Bob Fitzsimmons recently declared himself to the effect that he has no intentions of retiring from the ring. In an interview Lanky Bob said: "I will meet any man in the world for the middleweight championship at 158 lbs. ringside, or I will meet Jack O'Brien at catchweight and agree to stop him inside of ten rounds or forfeit all claim to any purse. I have never said that I retired from the ring, and in fact my words mean a challenge to the world. I prefer a fight with O'Brien above all things, however. If the Philadelphian does not accept then there is the inference that Jack does not think favorably of it. I had it on him when I boxed him in Philadelphia until he yelped for help from the police, and the bluecoats came to his assistance in time to save him from a knockout. I know nothing about Squires except what I have read in the newspapers. I judge him to be a first rate man from these accounts, but until he has fought somebody we will have no line on him."
The (Plattsburgh) Evening News, June 5, 1907, p. 3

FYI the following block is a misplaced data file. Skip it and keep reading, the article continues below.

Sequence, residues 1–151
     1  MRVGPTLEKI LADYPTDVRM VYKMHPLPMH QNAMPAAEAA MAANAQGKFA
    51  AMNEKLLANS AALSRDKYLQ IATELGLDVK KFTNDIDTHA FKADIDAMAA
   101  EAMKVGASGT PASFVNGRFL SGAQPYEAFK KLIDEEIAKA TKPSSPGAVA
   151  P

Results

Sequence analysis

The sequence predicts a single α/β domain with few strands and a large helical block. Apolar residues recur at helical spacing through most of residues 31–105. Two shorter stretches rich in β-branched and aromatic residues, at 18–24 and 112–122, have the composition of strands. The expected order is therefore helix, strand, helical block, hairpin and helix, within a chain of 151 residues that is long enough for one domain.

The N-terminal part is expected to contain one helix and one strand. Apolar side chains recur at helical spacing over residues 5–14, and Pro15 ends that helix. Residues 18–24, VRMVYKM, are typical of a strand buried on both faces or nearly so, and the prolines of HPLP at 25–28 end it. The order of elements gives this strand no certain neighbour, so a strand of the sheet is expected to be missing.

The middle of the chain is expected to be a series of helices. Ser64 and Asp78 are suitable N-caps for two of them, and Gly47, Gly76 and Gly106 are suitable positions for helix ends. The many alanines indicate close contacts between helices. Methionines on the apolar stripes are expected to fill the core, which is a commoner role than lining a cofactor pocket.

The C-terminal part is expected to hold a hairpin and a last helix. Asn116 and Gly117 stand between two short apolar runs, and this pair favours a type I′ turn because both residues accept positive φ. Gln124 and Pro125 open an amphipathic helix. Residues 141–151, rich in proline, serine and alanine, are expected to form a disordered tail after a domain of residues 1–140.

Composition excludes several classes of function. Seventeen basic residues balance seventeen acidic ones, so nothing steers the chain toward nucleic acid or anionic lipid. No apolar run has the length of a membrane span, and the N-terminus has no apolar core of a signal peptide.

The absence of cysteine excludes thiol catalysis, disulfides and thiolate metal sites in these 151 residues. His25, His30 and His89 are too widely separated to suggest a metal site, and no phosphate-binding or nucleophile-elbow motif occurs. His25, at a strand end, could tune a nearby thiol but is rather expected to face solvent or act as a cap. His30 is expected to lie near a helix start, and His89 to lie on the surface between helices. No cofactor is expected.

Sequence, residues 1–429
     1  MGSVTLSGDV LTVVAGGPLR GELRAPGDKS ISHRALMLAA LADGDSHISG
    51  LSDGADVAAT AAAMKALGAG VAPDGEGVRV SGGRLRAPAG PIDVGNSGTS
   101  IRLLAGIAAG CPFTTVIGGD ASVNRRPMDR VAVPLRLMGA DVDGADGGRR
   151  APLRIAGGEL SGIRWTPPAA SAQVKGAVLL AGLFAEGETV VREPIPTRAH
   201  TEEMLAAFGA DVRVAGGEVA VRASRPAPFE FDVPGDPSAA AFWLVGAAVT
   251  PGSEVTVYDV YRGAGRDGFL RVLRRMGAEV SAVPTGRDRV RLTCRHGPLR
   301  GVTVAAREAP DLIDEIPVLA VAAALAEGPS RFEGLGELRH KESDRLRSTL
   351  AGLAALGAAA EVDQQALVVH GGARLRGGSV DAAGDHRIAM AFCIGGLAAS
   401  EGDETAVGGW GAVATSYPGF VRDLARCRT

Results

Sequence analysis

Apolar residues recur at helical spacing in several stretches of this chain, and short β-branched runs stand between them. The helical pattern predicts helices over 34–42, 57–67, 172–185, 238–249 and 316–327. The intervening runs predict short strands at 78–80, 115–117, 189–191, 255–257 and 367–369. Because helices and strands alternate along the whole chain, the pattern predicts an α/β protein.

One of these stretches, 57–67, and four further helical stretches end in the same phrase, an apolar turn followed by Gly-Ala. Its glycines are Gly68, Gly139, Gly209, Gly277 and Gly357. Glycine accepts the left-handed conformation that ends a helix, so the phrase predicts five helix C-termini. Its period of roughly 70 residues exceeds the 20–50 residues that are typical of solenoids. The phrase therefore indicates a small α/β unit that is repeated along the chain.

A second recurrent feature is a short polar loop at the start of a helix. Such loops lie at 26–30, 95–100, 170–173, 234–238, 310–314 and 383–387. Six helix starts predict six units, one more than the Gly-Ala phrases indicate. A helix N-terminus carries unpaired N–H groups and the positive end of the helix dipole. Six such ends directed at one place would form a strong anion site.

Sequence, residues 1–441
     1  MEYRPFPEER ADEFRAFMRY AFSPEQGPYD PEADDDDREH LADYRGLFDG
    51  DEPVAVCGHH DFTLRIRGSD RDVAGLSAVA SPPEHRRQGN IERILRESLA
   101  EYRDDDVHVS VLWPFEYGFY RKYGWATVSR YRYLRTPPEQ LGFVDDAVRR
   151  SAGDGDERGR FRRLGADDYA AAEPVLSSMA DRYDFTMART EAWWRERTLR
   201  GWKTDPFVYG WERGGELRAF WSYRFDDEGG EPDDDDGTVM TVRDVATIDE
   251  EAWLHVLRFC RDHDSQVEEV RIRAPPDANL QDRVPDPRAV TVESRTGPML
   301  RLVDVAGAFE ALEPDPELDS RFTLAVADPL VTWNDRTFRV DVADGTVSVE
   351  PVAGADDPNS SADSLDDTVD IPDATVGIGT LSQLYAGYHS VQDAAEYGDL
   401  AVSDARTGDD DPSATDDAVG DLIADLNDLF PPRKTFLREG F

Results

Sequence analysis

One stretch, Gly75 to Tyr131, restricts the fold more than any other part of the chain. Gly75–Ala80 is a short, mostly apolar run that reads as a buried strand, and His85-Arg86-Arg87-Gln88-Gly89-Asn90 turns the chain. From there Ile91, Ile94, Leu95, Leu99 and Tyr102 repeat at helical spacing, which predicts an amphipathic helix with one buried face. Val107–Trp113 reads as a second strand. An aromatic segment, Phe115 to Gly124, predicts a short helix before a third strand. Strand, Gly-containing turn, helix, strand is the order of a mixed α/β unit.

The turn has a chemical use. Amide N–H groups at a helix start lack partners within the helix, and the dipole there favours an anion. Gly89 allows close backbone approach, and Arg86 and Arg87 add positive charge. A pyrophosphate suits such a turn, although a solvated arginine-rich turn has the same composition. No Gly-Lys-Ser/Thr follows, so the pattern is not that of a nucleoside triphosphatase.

July 17, 1907 - Fitz Down and Out - Veteran Pugilist Makes Poor Showing When Opposed By Johnson
Philadelphia - Jack Johnson stopped Bob Fitzsimmons in the second round of a six round boxing bout before the Washington Sporting club last night. Fitzsimmons did not show a trace of his former prowess, and it is probable that Johnson could have stopped him in the opening round if he had cared to do so. The blow that put Fitzsimmons out was a light right to the jaw. The old man fell to the floor, and as he made no attempt to rise the referee stopped the bout. The hissing that usually follows knockouts of this character was absent, the spectators evidently taking compassion on the former pugilistic star. Referee Keenan refused to act in the ring because he had heard that Fitzsimmons had a badly sprained arm. The manager of the club then entered the ring and watched the uneven match. In the opening round Johnson tapped Fitzsimmons when and where he chose, but the latter was unable to even land his famous counters.
The Bennington Evening Banner, No. 1109, Thursday, July 18, 1907, p. 2


August 21, 1912, "Referee Should Be Outside the Ring."